Wed, Jan 09, 2013 - Page 3 News List

Dementia is rising, better healthcare needed: foundation

NATION IN DECLINE?The syndrome could become second only after cancer in consuming social resources as the nation’s population rapidly ages

Staff writer, with CNA

The Consumers’ Foundation yesterday warned of the rising prevalence of dementia among senior citizens and called for the authorities to take measures to slow its spread and improve healthcare services for sufferers.

Citing an assessment by the Taiwan Alzheimer’s Disease Association, the foundation said that among Taiwan’s population of 23.3 million, about 20,000 people under the age of 65 suffer from dementia.

The number of people aged above 65 affected with the syndrome, which is associated with an ongoing decline of the brain and its abilities, is about 170,000, the foundation said in a press release warning of a possible depletion of social resources in the future if the prevalence is not effectively slowed.

The organization also quoted a research study by the Alzheimer’s Disease Association as saying that the prevalence among the 65-to-69 age group stands at 1.2 percent, while that of the 70-to-74 age group is 2.2 percent, the 75-to-79 group is at 4.3 percent, the 80-to-84 group is at 8.4 percent, the 85-to-89 group is at 16.3 percent and the about 90 group is at 30.9 percent.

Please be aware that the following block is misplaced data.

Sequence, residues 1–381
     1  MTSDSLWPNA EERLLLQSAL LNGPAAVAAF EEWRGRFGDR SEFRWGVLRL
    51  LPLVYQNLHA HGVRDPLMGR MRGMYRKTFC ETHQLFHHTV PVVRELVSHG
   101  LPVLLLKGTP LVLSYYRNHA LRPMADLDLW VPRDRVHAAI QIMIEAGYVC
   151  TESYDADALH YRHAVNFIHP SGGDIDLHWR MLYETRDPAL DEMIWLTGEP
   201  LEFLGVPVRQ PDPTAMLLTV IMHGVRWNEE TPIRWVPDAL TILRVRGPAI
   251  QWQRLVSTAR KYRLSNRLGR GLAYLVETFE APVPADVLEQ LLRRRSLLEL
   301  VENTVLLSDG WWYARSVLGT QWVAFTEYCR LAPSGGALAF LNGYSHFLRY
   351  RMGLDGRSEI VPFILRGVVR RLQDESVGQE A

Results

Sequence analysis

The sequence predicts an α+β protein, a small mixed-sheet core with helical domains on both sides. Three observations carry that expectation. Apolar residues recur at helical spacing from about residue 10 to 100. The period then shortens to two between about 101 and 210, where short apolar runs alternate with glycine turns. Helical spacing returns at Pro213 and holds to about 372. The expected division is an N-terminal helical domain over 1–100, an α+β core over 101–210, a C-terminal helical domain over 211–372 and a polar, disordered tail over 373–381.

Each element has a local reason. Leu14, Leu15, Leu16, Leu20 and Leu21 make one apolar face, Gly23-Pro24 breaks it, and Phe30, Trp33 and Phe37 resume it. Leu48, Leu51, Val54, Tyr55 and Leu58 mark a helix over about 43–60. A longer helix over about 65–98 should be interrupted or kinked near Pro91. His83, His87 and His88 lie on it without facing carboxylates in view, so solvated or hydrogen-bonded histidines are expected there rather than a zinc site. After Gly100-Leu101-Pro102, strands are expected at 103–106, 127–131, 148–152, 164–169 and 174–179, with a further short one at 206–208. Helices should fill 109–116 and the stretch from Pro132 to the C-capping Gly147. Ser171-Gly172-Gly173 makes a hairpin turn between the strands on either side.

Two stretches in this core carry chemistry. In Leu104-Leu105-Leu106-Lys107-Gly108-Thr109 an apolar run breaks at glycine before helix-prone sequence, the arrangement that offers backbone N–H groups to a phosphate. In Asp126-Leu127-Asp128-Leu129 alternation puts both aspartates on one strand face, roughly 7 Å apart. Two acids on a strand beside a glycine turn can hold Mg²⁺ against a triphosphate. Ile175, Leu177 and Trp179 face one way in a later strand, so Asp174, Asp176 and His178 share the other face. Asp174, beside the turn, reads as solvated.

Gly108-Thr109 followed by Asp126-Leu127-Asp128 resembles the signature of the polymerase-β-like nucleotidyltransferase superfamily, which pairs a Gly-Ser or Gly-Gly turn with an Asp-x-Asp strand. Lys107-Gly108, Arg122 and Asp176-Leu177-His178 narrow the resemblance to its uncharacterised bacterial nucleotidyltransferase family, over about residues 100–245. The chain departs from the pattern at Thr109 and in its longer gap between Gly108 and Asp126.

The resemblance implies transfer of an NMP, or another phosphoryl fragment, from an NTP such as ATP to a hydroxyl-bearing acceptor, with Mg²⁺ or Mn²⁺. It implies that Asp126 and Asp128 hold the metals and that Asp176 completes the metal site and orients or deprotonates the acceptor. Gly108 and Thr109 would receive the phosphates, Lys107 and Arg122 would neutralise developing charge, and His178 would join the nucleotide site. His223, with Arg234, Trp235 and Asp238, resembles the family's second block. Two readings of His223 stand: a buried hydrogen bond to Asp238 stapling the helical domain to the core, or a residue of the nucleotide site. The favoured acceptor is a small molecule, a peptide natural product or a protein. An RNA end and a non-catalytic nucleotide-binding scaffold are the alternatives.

The figures show that the dementia prevalence rate roughly doubles from one age group to the next, the foundation said.

The foundation also said that 75 percent of the 190,000 dementia patients around the nation were not diagnosed early and therefore missed the optimum time for treatment that would have slowed the onset of the disease.

Taiwan Alzheimer’s Disease Association secretary-general Tang Li-yu (湯麗玉) said that early diagnosis and treatment of dementia would substantially lessen the number of dementia patients in the nation.

“Early discovery of the syndrome helps postpone elderly people’s degeneration,” Tang said.

However, she said the Bureau of Health Promotion at the Department of Health has failed to propose and carry out measures for the prevention and control of dementia.

Tang said that dementia sufferers need not just healthcare and hygiene maintenance, but also caregivers who can lead them in physical and mental exercises, but the nation’s long-term care service system lacks such services.

Predicting that dementia will become the major disease after cancer that will consume large amounts of social resources in the future amid the nation’s rapidly aging society, Tang urged the authorities to take the problem seriously.

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